Beyond acidification, other climate change stressors are predicted to have strong influences on the early life-stages of marine fish. Temperature in particular has profound influences on the physiology, behavior, and phenology of temperate marine fish (Houde, 1989; Pepin, 1991; Nye et al., 2009). Current observations suggest that some fish populations may be moving poleward and/or into deeper locales where temperatures are closer to their thermal optimums, changes that may alter the productivity of fisheries in these regions (Perry et al., 2005; Nye et al., 2009; Pinsky et al., 2013). Warming of the oceans has also enhanced thermal stratification of the water column decreasing vertical mixing and, in turn, has reduced primary productivity and lowered planktonic food availability (Roemmich and McGowan, 1995; Behrenfeld et al., 2006; Boyce et al., 2010), a scenario which may render organisms feeding at or near the base of marine food webs more vulnerable to climate change stressors (Melzner et al., 2011; Pansch et al., 2014; Ramajo et al., 2016). Additionally, changes in the carbonate chemistry (e.g., pCO2 and pH) of seawater and/or temperature may result in match-mismatch scenarios that separate predators and prey over time during important feeding periods (Durant et al., 2007; Parry et al., 2007; Siddon et al., 2013).

The objective of this study was to assess the individual and combined effects of varying levels of pCO2, temperature, and food supply on the early development and survival of larval Menidia beryllina (inland silverside) and Cyprinodon variegatus (sheepshead minnow). Both species are small schooling fish, native to Northeast US estuaries, feed at or near the base of marine food webs, and are critical trophic intermediaries transferring energy to higher trophic levels (i.e., commercially harvested species). Both species exist along a broad thermal range (e.g., ~0–30°C, Middaugh and Hemmer, 1992) and become reproductively active in temperate latitudes as water temperatures warm (e.g., ~13°C) in early-spring and continue to lay eggs into the summer (Middaugh and Hemmer, 1992; Able and Fahay, 1998), periods when warm and acidified conditions can become established within temperate, net heterotrophic estuaries (Melzner et al., 2013; Wallace et al., 2014; Baumann et al., 2015). Despite their abundance in Northeast US coastal systems, as well as the persistence of coastal acidification and other stressors (see above) within their geographical range, the current and future impacts of concurrent exposure to multiple marine stressors are unknown. In addition, these two fish species are useful for comparative purposes, as they lay pelagic and demersal eggs, respectively (Able and Fahay, 1998), and have been previously shown to be vulnerable and resistant to ocean acidification, respectively (DePasquale et al., 2015).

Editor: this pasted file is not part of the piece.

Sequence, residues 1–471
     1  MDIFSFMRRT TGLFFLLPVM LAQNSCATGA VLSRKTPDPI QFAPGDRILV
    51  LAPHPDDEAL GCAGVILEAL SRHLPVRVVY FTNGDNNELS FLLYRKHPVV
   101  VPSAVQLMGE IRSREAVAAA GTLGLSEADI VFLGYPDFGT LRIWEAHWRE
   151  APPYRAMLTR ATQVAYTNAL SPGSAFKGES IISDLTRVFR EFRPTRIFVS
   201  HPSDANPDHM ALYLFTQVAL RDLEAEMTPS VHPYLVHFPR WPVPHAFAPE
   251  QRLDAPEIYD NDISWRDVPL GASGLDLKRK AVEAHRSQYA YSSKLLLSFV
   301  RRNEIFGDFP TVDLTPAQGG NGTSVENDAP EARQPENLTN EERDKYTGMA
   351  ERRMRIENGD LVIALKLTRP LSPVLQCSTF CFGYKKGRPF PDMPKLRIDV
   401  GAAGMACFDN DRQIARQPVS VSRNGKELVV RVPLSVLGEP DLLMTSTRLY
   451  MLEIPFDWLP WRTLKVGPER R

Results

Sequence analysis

Methods

Care and Maintenance of Organisms

Experiments were performed at the Stony Brook Southampton Marine Science Center (Southampton, NY, USA). Embryos of M. beryllina and C. variegatus, were obtained ≤ 36 h post-fertilization from Aquatic Research Organisms (ARO; Hampton, NH) and originated from hundreds of wild-collected adult broodstock maintained at 21–22°C at a salinity of ~30. Ethical approval was provided by Stony Brook University's Institutional Animal Care and Use Committee (IACUC #; 2010 - 1842 - R2 - 12.16.16 – FI). Care was taken to limit the number of animals sacrificed during the course of experimentation and to prevent unnecessary pain and/or suffering. Upon the completion of experiments, animals were euthanized and preserved in a 3% (v/v) phosphate buffered formalin solution.

Temperature and Carbonate Chemistry Manipulations

Treatment levels for all trials were identified based upon ideal conditions for model organisms (Able and Fahay, 1998), present-day conditions within the geographical ranges for these species (Murray et al., 2014; Wallace et al., 2014; Baumann et al., 2015), and future climate change projections for coastal oceans along the Northeast US (Heogh-Guldberg et al., 2014; IPCC, 2014). To achieve desired exposure temperatures and to maintain identical conditions among experimental replicates within treatments, aquaria were held in temperature-controlled water baths maintained with electronically controlled heat exchangers (Aquatic Eco-systems, Inc., Florida, USA) that remained within ≤ 1% of target temperatures for the duration of the experiment. Temperatures within control treatments (19–22°C) were maintained at ambient temperatures and due to fluctuations between separately conducted trials, slight differences in control conditions were observed. However, fluctuations were minor and temperatures between control conditions and experimentally-manipulated conditions remained statistically distinct (see Tables 15). Carbonate chemistry within elevated pCO2 (2,042 ± 328 μatm) treatment replicates (n = 4) was maintained via the inclusion of concentrated (5%) CO2 gas mixed with ambient air (see Tables 15) added directly to each experimental vessel. Multichannel gas proportioners (Cole Parmer®) were used to control the mixing rates of gases (CO2 and air) to achieve targeted low pH levels (pH on the total scale = pHT ~7.2) within exposure aquaria. Ambient air (~400 μatm CO2) was bubbled into ambient-treatment aquaria (n = 4) at similar rates (~500 mL min−1) to those within elevated CO2 treatments. Target pH levels within ambient CO2 treatments were ~7.9 (pHT, 397 ± 58 μatm), levels representative of ideal conditions along the Northeast US coastline (Wallace et al., 2014; Baumann et al., 2015). The rate of gas delivery turned over the full volume of experimental chambers several times daily and sporadic dissolved oxygen measurements using a YSI 5100 probe indicated this kept dissolved oxygen levels at or near saturated levels during experiments.